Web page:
A photo of western Russia snapped by an astronaut from space has been included in an online collection of the best ever images gathered by NASA.
The nighttime image, taken with a Nikon D3S digital camera equipped with a 31 millimeter lens, shows not only the radiant lights of the Russian capital Moscow with veins of orange light branching out in all directions, but also the green light of the aurora borealis across the top of the photograph.
Moscow is easy to spot from space, not only because of its brightness and size, but also because of the distinctive yellow hue of its lights — as opposed to Japanese capital Tokyo's typical shades of blue and green, or the reddish light of Spain.
Space is a choice location for photography. In recent years, many astronauts and cosmonauts have taken to Twitter and the blogosphere to share their snapshots of the Earth.
Both NASA and the Russian Federal Space Agency, or Roscosmos, regularly post photos of the Earth on their Instagram and Twitter accounts.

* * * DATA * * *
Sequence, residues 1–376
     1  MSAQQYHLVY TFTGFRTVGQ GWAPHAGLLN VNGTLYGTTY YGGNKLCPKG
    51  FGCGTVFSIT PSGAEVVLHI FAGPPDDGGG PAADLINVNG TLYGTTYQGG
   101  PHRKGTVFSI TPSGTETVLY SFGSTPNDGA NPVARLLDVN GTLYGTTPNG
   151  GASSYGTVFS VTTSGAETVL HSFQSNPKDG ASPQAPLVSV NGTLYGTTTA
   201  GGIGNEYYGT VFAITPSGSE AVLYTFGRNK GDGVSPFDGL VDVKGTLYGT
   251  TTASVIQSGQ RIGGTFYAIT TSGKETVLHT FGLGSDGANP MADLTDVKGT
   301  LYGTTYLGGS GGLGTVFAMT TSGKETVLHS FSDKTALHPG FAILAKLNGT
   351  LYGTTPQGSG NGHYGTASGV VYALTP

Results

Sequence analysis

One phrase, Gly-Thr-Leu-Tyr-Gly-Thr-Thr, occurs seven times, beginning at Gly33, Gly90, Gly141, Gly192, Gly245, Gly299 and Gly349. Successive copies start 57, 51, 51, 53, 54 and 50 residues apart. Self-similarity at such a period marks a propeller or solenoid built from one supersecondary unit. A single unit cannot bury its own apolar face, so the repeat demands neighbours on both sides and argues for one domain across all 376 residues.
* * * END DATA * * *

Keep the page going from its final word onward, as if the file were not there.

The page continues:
Most of the photos included in the NASA Earth Observatory web portal have been taken by various satellites deployed to track climate change and weather patterns, but some of the more interesting and spectacular photos –—such as the one taken of Moscow, St. Petersburg Nizhny Novgorod and Helsinki — were taken from the large viewing port on the International Space Station known as the cupola, or some of the smaller windows throughout the station.
Below are some of our all-time favorites posted by cosmonaut Oleg Artemyev on his blog.
Crimea, which Russia annexed from Ukraine in March, through a porthole on the ISS.
A photo of Baku, located in Azerbaijan on the Caspian Sea, at sunset.
The Volga River delta — the largest river delta in Europe — which opens into the Caspian Sea about 60 kilometers downstream of the city of Astrakhan in Russia's South-West.
The Caucasus mountain range. This photo shows the North Caucasus region, Georgia, Armenia and Azerbaijan. The lake in the bottom right is Armenia's Lake Sevan.
The Altai Mountains, where Russia, China, Mongolia and Kazakhstan meet.
Lake Baikal, the world's largest freshwater body of water, located in southern Siberia.
Volcanoes in Russia's Far Eastern region of Kamchatka.